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How Cost-Plus Pricing Craters Markets

Since I first became heavily involved in pricing well over a decade ago, I’ve often thought how nice it would be to be able to invest in companies based on their pricing capabilities and practices. I’d love to buy a mutual fund full of companies with rigorous pricing practices…and at the same time, sell short the cost-plus crowd.

This thought crept into my mind again as I was reviewing a case study for the PricingBrew Journal called, How to Crater a Market with Cost-Plus Pricing.

The case details a large manufacturer’s approach to pricing a new and innovative product…and the $1B+ disaster that resulted. It’s a great example of the “good, bad, and ugly” case studies we like to publish in the Journal. From our perspective, mistakes are just so much more instructive…and more entertaining…than successes.

But this case is also a great reminder about how many of the most important pricing decisions are made very early in the product lifecycle…by people who very often have no clue about pricing.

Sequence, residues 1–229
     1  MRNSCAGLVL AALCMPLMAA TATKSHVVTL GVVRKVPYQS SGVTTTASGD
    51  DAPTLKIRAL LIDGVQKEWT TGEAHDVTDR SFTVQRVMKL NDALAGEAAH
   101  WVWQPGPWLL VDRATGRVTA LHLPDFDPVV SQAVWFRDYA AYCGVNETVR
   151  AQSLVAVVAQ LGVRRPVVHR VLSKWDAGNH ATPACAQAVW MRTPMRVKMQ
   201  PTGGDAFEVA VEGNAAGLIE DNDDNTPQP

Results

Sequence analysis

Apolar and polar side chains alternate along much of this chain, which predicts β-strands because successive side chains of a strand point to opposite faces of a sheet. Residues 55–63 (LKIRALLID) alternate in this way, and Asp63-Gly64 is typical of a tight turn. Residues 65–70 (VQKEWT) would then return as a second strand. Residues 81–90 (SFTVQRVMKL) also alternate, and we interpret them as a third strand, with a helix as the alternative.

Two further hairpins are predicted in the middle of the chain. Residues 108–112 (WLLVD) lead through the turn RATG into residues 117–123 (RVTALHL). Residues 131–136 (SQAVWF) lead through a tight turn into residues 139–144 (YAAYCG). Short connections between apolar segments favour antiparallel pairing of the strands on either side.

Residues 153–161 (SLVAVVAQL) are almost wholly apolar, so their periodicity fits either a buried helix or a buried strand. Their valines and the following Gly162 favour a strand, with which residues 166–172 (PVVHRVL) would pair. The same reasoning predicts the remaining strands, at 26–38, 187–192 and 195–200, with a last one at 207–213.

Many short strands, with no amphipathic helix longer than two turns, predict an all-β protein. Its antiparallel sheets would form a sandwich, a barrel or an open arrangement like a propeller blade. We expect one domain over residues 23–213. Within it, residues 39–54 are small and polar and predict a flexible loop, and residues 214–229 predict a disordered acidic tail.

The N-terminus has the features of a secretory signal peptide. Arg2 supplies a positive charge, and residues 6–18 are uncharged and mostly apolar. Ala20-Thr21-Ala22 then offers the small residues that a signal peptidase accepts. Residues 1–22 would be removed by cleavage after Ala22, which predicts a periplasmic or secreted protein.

Watching over the shoulders of this company’s product managers as they determine the initial pricing levels for this new product is frustrating…and a bit scary. It’s like watching a train wreck in slow motion. As someone with knowledge of pricing, you’ll know exactly what these product managers are doing wrong. And you’ll probably even be able to predict the carnage that eventually unfolds.

Upon reading this case, you’ll no doubt be shaking your head in disgust.

But don’t think for moment that it’s an outlier or some unique situation that rarely occurs. Every day, product managers in companies all over the world are making pricing decisions with massive and far reaching implications. And too often, they’re making these critical decisions with very little knowledge of pricing.

As a pricing professional, you have a choice to make…

You can try to make the best of these bad decisions through tactical pricing and discounting tweaks after products have already been introduced. Or you can expand your scope and work on having a positive influence in the new product development process.

PS: If you choose the latter…and yours is a public company…please send me your stock symbol. My portfolio thanks you in advance.

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